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Obama’s Budget Would Undo Broad Cuts Made During Recession

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Photo by Mark Wilson Getty Images

President Obama speaks to the media March 1 after meeting with congressional leaders at the White House. President Obama said that no agreement was reached with Republicans to avoid the sequester, which l triggered automatic domestic and defense cuts. Obama hopes to reverse those cuts in the budget he's preparing for Fiscal 2016.

When President Obama meets with House Democrats tonight during their retreat in Philadelphia, officials say he'll lay out the details of his budget proposal, which will include reversal of large cuts to federal spending instituted in 2013, reports NPR's Mara Liasson.

Those spending cuts, known as the sequester, hit both the defense and domestic budgets and were the result of congressional gamesmanship when the parties couldn't agree on spending priorities.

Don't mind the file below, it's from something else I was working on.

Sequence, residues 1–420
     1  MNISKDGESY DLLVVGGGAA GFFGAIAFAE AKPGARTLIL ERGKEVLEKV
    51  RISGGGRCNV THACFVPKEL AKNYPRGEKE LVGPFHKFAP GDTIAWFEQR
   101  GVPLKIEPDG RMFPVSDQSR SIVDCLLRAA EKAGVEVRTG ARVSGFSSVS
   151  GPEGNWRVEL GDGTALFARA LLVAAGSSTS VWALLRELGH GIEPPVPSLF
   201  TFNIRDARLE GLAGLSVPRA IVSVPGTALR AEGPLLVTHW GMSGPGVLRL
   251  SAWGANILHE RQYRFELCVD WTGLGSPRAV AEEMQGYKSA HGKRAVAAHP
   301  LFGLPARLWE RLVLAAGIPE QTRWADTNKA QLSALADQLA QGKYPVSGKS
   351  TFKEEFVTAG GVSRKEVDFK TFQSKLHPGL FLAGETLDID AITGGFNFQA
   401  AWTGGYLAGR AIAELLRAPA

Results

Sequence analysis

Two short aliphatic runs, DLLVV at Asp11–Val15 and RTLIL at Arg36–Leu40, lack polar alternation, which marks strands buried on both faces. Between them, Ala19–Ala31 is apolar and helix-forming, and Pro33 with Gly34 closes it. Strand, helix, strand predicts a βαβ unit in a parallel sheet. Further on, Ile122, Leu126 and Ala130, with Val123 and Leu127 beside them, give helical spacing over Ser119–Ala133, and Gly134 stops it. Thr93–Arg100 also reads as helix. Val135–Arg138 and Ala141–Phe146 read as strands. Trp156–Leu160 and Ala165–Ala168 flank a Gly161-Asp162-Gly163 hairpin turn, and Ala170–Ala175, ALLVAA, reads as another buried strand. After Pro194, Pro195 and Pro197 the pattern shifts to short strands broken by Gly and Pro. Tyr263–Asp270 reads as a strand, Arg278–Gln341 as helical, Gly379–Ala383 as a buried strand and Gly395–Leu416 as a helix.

The president officially will release his fiscal 2016 budget to the public on Monday; White House officials say it also will include boosted spending on education, infrastructure and the military, offset by closing tax loopholes used by the wealthy.

Congressional Republicans are unlikely to accept those proposals, Mara reports.

Responding to Obama's State of the Union address earlier this month, Sen. Joni Ernst, R-Iowa, said her party would support tax reform, "to lower rates — and create jobs, not pay for more government spending." She also said the Republican caucus would pursue a balanced budget.

A White House official, in prepared remarks sent to the media Wednesday night, said Obama hopes to work with Republicans to build on 2013's bipartisan budget agreement.

"The president believes we should end the era of manufactured crises and mindless austerity," the statement read.

The stuffed-full "cromnibus" budget bill rushed through the lame-duck Senate in December funds the government through the end of the fiscal year in September.

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